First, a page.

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Transcriptomic Profiling of Apple in Response to Inoculation with a Pathogen (Penicillium expansum) and a Non-pathogen (Penicillium digitatum)
Year:
2014
Source of publication :
Plant Molecular Biology Reporter
Authors :
Droby, Samir
;
.
Volume :
32
Co-Authors:
Vilanova, L., XaRTA-Postharvest, IRTA, Rovira Roure 191, 25198 Lleida, Catalonia, Spain
Wisniewski, M., Appalachian Fruit Research Station, US Department of Agriculture-Agricultural Research Service (USDA-ARS), Wiltshire Road 2217, 25430 Kearneysville, WV, United States
Norelli, J., Appalachian Fruit Research Station, US Department of Agriculture-Agricultural Research Service (USDA-ARS), Wiltshire Road 2217, 25430 Kearneysville, WV, United States
Viñas, I., Food Technology Department, Lleida University, XaRTA-Postharvest, Agrotecnio Center, Rovira Roure 191, 25198 Lleida, Catalonia, Spain
Torres, R., XaRTA-Postharvest, IRTA, Rovira Roure 191, 25198 Lleida, Catalonia, Spain
Usall, J., XaRTA-Postharvest, IRTA, Rovira Roure 191, 25198 Lleida, Catalonia, Spain
Phillips, J., Eastern Reional Research Center, US Department of Agriculture-Agricultural Research Service (USDA-ARS), 600 E Mermaid LN 2217, 25430 Wyndmoor, PA, United States
Droby, S., Department of Postharvest Science, ARO, the Volcani Center, PO Box 6, 50250 Bet Dagan, Israel
Teixidó, N., XaRTA-Postharvest, IRTA, Rovira Roure 191, 25198 Lleida, Catalonia, Spain
Facilitators :
From page:
566
To page:
583
(
Total pages:
18
)
Abstract:
Penicillium expansum, the causal agent of blue mould of pome fruits, is a major postharvest pathogen in all producing countries. To develop a better understanding of disease resistance mechanisms in apples, a comprehensive transcriptional analysis of apple gene expression in response to a compatible (P. expansum) and non-host (Penicillium digitatum) pathogen was conducted using an apple microarray of approximately 40,000 probes. The resulting data provide further evidence that apples inoculated with P. expansum exhibit significant upregulation of defense-related genes and genes involved in detoxification of reactive oxygen species. In contrast, apples inoculated with P. digitatum, a non-host pathogen, exhibited upregulation of genes involved in phenylpropanoid metabolism. To confirm the accuracy of the expression profiles obtained with the microarray, reverse transcriptase-quantitative polymerase chain reaction was conducted for four genes specifically in the phenylpropanoid pathway. Expression data was obtained for different time points and fruit maturity stages. The highest expression level of the phenylpropanoid genes was detected 48 h after inoculation with P. expansum in both immature and mature apples. These results support the hypothesis that apples respond in a complex and diverse manner to the compatible compared to the non-host pathogen. To the best of our knowledge, this is the first study in apple fruit that has conducted an analysis of global changes in gene expression in response to a compatible (P. expansum) and non-host (P. digitatum) pathogen. © 2013 Springer Science+Business Media New York.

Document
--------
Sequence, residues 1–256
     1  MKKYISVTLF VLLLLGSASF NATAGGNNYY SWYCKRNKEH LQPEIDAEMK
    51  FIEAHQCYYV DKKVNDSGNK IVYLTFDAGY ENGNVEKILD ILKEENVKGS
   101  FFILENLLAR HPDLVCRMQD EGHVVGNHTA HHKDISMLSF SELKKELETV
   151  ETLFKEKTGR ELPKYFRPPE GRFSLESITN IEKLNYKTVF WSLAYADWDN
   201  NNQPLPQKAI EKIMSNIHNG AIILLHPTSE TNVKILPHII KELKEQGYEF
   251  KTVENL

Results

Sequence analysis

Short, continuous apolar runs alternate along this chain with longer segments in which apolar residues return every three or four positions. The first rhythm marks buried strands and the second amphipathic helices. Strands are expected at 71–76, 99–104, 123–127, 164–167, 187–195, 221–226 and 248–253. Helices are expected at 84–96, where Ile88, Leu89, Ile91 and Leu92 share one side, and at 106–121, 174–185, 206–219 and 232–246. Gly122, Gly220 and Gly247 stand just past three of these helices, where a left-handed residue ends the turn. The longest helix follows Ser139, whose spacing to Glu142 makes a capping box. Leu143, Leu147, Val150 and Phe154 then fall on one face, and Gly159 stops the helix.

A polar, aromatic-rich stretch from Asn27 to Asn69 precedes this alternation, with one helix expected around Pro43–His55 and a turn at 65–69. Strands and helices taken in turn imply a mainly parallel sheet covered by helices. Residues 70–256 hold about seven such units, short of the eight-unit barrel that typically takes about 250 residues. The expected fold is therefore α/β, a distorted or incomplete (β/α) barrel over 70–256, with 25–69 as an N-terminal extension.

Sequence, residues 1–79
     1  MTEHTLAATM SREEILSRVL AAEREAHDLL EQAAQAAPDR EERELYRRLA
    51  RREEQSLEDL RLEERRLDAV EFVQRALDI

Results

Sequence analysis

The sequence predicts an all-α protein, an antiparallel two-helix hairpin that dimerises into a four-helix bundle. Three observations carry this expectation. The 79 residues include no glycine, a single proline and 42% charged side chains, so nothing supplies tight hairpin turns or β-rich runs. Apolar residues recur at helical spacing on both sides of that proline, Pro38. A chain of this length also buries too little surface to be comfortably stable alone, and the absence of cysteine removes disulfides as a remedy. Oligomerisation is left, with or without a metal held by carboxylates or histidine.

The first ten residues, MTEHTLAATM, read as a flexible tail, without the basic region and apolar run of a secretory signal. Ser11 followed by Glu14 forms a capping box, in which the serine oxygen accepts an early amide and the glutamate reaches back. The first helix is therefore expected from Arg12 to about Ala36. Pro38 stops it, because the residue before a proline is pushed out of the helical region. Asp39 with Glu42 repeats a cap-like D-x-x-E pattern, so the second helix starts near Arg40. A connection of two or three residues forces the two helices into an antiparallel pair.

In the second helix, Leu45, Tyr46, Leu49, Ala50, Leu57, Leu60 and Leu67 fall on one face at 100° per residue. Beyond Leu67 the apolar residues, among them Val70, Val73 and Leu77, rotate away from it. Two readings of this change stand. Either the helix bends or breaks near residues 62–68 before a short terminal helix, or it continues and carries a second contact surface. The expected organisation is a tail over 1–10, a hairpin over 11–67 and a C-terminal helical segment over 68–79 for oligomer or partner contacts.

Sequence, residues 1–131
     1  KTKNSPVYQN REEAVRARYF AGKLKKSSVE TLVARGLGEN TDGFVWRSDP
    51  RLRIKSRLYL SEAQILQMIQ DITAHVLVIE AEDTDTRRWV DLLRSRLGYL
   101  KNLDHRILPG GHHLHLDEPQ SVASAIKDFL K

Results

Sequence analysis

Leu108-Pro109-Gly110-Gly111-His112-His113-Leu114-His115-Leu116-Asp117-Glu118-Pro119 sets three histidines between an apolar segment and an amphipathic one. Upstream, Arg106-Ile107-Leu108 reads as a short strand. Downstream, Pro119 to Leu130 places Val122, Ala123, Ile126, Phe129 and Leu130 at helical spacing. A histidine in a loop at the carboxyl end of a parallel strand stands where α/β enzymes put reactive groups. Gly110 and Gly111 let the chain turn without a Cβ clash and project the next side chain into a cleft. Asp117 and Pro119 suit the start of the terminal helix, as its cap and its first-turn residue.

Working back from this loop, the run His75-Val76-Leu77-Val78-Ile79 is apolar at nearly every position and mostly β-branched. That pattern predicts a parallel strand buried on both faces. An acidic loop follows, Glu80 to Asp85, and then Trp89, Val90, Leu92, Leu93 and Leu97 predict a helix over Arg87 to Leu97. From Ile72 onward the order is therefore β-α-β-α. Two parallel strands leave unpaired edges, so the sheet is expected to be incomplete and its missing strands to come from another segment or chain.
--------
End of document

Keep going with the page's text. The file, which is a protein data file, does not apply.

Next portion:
Note:
Related Files :
Blue mold
gene expression
green mold
Maturity stage
Microarray analysis
Phenylpropanoid pathway
Show More
Related Content
More details
DOI :
10.1007/s11105-013-0676-y
Article number: